1TBSPPectinIf using 'Jam Sugar' you won't need this extra pectin. Pectin comes in powder and liquid form. See recipe for instructions.
Clean and sterilize your preserving jars. Run them through the dishwasher or place them in the oven at 270°F (130°C) for 20 minutes and then let them cool. Inspect them for any cracks or imperfections and discard any that aren't perfect. The lids can go in the dishwasher too or you can pour scalding water over them and leave them in it for five minutes before repeating. Allow them to fully air-dry before you use them to seal your jars.
Put a plate in the freezer in preparation for testing the setting point.
Rinse the berries and then pluck the berries off the stems. The stems leave a bitter taste to your preserves so try to remove as many of them as possible but don’t stress out if you don’t get all of them. To get the berries off, you can use a fork to pull them off the stems but what I like to do now is gently roll and pull them off with my fingers. I place the entire cluster of berries in my hand and gently tug the berries off.
Place the berries into a large saucepan with the water and bring it to a boil. Lower the heat to a simmer then when the fruit is soft use a potato masher to squish the berries.
Set up your jelly strainer over a bowl and pour the berries and juice through it. Leave the berries to drip for at least a few hours if not overnight. You’ll notice in my photo that I’m using a jelly-straining frame but a piece of muslin to strain my berries.
Measure the juice you have after it’s been strained and discard (compost) the berry solids. You need 1 kg of juice for this recipe -- about 1 liter or 4.25 cups. If you have less, top up the juice with water to the amount needed.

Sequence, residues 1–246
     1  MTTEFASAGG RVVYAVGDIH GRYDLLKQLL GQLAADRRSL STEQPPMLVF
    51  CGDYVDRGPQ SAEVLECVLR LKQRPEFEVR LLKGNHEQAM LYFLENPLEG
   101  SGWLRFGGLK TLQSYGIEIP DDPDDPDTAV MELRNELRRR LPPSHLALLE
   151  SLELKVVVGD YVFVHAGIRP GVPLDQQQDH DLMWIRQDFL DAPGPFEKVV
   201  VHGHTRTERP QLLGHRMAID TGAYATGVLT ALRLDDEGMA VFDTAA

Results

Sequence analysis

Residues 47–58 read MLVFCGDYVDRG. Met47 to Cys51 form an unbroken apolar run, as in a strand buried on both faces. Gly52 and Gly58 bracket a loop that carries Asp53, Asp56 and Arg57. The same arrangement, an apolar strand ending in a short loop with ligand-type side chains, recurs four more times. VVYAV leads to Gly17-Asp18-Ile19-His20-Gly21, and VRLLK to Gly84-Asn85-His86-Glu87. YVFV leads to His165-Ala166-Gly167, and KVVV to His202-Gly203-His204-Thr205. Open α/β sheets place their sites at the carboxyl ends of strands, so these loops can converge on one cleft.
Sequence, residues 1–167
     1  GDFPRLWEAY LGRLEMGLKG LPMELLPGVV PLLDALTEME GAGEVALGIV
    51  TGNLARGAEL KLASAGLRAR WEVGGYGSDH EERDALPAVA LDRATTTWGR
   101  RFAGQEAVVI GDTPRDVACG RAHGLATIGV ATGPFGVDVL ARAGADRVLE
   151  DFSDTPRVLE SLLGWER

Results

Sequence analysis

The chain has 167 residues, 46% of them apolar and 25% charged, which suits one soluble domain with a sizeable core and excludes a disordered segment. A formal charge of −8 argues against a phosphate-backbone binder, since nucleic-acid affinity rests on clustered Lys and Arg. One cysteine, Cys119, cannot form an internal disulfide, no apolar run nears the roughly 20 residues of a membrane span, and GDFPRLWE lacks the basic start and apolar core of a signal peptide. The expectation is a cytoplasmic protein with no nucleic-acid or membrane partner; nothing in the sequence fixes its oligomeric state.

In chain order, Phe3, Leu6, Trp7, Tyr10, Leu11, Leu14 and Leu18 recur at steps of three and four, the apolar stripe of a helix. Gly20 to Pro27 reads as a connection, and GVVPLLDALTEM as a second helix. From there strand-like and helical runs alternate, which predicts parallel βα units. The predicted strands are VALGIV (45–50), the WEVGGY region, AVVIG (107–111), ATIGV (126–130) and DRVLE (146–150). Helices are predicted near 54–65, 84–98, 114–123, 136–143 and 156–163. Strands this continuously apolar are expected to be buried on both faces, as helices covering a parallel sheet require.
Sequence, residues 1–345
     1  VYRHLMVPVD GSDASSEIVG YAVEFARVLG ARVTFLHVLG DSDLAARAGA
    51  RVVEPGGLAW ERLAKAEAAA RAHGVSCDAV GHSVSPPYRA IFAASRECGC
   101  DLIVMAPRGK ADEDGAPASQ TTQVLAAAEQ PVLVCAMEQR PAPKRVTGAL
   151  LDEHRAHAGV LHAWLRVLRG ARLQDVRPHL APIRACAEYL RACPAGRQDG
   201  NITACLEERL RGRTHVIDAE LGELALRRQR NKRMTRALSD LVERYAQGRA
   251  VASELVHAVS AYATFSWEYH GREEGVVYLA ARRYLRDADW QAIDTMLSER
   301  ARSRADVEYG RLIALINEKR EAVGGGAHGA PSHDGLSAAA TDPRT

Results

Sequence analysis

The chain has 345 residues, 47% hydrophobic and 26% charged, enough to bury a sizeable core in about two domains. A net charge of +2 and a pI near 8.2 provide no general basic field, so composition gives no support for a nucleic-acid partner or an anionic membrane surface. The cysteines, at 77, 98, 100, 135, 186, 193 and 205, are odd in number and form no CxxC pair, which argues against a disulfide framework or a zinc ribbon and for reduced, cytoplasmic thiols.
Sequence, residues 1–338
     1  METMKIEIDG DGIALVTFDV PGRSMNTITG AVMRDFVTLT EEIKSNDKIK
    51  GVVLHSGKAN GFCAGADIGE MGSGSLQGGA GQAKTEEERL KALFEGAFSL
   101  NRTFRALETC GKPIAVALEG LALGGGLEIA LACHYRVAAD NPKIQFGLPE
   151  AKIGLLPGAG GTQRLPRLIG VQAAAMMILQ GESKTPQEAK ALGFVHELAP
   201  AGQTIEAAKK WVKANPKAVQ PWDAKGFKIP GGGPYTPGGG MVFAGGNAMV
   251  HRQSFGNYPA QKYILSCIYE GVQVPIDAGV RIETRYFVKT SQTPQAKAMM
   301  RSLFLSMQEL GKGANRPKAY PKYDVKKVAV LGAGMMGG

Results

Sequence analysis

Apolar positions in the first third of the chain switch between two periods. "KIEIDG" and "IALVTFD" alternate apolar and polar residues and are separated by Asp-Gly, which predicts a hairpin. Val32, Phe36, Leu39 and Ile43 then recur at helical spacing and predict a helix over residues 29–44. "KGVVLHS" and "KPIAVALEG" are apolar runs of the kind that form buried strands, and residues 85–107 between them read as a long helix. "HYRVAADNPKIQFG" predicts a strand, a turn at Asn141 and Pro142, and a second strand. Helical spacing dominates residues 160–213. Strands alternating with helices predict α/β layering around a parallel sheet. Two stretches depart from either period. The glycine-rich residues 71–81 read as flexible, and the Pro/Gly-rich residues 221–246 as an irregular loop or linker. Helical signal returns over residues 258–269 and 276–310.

You will need 1 TBSP powdered pectin for this recipe, or 2 TBSP liquid pectin.
Place your jars and lids into the oven and begin warming them on the lowest setting.
If using powdered pectin, place it into a small pan with 3 TBSP of water. Heat to a boil and still until the pectin is completely dissolved. Using pectin that comes in a liquid form does not require this step.
While the pectin is dissolving, Heat the juice, sugar, and lemon juice in a pan. Add the pectin once it's dissolved and stir well. Bring the juice to a rapid boil and leave it there until the setting point is reached. This will take about 15-30 minutes of boiling and you should keep a close eye on it, stirring
Check to see that the setting point has been reached by dribbling a small amount of the juice onto the plate you’ve chilled in the freezer. Leave it for a minute and then push at it from the edge with your fingertip. If the jelly crinkles up, then the setting point has been met and you can move on to step 8. If it just moves aside in a liquidy way and without any crinkling then continue boiling.
Turn the heat off and let the pan sit for a couple of minutes until a skin forms on the surface of the jelly. Skim this off with a spoon and discard then pour the jelly into the warm jars using a jam funnel. Fill to within a quarter-inch of the rim and twist on the lids or lids and rings.
Water-bath the jars to ensure that they're fully sterilized*. Fill a tall pan with water and place either a rack at the bottom. Bring to a boil then lower your jars in so that they're not touching and that there's at least an inch of water above. Bring back to a rolling boil and leave the jars in the boiling water for five minutes. Lift them out vertically (not tilted) with a jar lifter and set them on the counter to cool. The lids will seal as the jelly cools – you’ll hear a pop as the seal closes. It may take twelve or more hours for the seal to take.
Store the jam for up to a year in a cool cupboard. Once open, refrigerate, and use within six months.
In Britain, it's not common for people to water-bath high-acid preserves like this elderberry jelly. It's much safer if you do though since it will ensure that the contents are sterile. You can read more on the topic here.